The Sevens Report is everything you need to know about the markets in your inbox by 7am, in 7 minutes or less. Start your free two-week trial today and see what a difference the Sevens Report can make.
The Phillips curve is a term you’re likely seeing and hearing more recently than at any time previously in your career (regardless of how long it is). The reason the Phillips curve is being discussed so much is simple: There’s a growing school of thought that thinks the Phillips curve is broken, and if that’s the case, then the Fed and other central banks may be largely powerless to spur inflation (which is a potential negative for the broad markets).
Before we get into this issue, though, first lets get a bit of background on the Phillips curve. Basically, the Phillips curve is just a graph of this simple idea: Low unemployment creates higher inflation.
From a commonsense standpoint, it is logical. Less available workers and robust business activity (so low supply and high demand for workers) will cause salaries (the “price” of a worker) to rise, and that in turn will flow through to the entire economy and spur price inflation.
So, put simply, the Phillips curve says low unemployment will spur inflation. And, this idea has been the cornerstone of Fed policy for decades and largely explains the Fed’s strategy post financial crisis.
But, there’s a small problem: It doesn’t appear to be working in today’s economy, as historically low unemployment is failing to spur inflation.
Now, this may seem like a theoretical, academic conversation, but it has real, near-term market consequences.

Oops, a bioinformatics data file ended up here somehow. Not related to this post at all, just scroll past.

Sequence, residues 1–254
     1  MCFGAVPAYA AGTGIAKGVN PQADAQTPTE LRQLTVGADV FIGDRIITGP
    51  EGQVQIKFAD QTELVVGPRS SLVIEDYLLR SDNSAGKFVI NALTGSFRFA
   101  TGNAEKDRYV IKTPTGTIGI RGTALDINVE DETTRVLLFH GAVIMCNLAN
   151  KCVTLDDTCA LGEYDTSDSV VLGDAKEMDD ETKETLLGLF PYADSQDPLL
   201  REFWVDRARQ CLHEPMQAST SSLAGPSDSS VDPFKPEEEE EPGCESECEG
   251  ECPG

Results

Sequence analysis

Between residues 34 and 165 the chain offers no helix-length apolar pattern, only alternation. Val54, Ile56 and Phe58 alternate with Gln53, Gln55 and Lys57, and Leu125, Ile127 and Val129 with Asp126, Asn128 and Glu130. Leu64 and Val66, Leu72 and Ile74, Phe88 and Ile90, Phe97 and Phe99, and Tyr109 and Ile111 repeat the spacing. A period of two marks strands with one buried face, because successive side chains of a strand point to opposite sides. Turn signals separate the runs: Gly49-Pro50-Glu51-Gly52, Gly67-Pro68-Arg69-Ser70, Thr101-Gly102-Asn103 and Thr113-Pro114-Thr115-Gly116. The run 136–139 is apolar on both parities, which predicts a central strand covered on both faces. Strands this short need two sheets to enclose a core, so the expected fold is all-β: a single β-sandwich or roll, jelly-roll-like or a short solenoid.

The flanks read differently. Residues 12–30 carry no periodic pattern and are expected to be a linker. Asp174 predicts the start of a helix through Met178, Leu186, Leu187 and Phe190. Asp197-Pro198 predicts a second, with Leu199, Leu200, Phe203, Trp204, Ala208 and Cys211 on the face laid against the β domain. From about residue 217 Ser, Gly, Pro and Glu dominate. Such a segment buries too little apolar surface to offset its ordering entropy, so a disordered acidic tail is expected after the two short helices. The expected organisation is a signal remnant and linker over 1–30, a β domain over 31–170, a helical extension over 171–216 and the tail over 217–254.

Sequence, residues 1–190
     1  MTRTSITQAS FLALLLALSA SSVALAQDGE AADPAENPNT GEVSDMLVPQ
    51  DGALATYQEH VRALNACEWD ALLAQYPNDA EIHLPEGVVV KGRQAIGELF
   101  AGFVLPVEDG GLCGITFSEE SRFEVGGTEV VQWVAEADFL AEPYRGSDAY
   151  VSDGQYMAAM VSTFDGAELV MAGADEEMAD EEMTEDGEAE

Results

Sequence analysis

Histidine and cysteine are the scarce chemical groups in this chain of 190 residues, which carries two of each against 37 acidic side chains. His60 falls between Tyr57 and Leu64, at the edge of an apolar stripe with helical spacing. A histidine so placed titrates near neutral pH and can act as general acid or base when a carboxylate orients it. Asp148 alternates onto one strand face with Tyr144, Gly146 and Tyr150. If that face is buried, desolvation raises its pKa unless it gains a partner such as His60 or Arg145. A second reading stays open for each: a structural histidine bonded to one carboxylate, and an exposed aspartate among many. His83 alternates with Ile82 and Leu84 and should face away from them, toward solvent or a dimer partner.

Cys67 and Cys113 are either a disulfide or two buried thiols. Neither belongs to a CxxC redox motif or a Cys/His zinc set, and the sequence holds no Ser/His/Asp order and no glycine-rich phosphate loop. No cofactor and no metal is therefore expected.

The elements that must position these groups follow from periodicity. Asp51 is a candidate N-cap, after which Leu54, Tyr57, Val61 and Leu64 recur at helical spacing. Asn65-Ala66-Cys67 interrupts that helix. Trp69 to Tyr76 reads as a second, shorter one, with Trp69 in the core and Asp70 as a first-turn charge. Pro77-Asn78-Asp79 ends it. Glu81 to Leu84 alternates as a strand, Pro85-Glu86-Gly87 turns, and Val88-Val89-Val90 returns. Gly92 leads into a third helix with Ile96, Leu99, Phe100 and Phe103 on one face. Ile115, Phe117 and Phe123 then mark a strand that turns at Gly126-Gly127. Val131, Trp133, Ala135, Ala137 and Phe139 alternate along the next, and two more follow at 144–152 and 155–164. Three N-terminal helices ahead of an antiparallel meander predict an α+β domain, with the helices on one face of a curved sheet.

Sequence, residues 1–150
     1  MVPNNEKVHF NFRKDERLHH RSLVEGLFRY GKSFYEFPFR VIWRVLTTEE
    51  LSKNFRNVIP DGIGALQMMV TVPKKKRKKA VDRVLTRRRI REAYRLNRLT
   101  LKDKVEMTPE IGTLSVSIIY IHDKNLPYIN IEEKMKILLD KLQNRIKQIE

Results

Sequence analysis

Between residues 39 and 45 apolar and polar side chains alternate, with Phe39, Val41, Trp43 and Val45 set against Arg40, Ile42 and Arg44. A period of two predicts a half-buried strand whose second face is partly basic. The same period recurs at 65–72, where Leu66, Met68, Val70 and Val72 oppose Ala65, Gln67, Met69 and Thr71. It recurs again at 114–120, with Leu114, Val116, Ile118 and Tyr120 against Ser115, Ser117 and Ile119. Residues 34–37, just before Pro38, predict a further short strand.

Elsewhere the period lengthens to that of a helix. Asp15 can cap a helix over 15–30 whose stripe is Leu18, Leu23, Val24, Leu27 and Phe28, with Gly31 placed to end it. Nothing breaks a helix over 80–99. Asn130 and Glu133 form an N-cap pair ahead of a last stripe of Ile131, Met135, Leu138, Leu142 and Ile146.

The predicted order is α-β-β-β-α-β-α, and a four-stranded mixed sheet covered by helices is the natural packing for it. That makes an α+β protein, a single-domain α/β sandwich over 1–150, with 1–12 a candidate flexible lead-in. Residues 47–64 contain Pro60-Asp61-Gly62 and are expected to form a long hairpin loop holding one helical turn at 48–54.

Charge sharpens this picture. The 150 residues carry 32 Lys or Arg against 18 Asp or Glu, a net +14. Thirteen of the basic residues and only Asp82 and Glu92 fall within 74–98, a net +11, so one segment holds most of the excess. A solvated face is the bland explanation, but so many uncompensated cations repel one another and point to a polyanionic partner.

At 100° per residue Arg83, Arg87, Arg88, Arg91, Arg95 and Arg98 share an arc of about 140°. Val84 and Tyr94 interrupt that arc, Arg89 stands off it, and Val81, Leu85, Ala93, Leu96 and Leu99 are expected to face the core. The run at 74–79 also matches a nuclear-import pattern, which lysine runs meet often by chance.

For instance, the entire mid-July rally in stocks came because the Fed began to note low inflation more than low unemployment.
That caused the decline in Treasury yields and exacerbated the drop in the dollar—and that helped spur a rally in stocks.
However, that may have changed with Friday’s jobs report. The unemployment rate hit 4.3%, matching a fresh low for this expansion (i.e. since the financial crisis). And, unemployment that low will get the Fed’s attention (at least Yellen’s attention) because while there is a debate about the Phillips curve still being accurate, the bottom line is that the Fed still follows it. At some point, if unemployment continues to drop, the Fed will have to continue with rate increases regardless of what’s happening with inflation.
And, that could have an important impact on returns and performance.
Here’s why: If unemployment grinds towards 4% or below, the Fed will have to get hawkish or either 1) Abandon decades of monetary policy that has largely worked, or 2) Risk a significant rise in inflation down the road (according to the Phillips curve) that would require a sharp, painful increase in interest rates—a move that almost certainly would put the US economy into recession.
The practical investment takeaways are this: (withheld for subscribers of the 7sReport—sign up for your free two-week trial to unlock).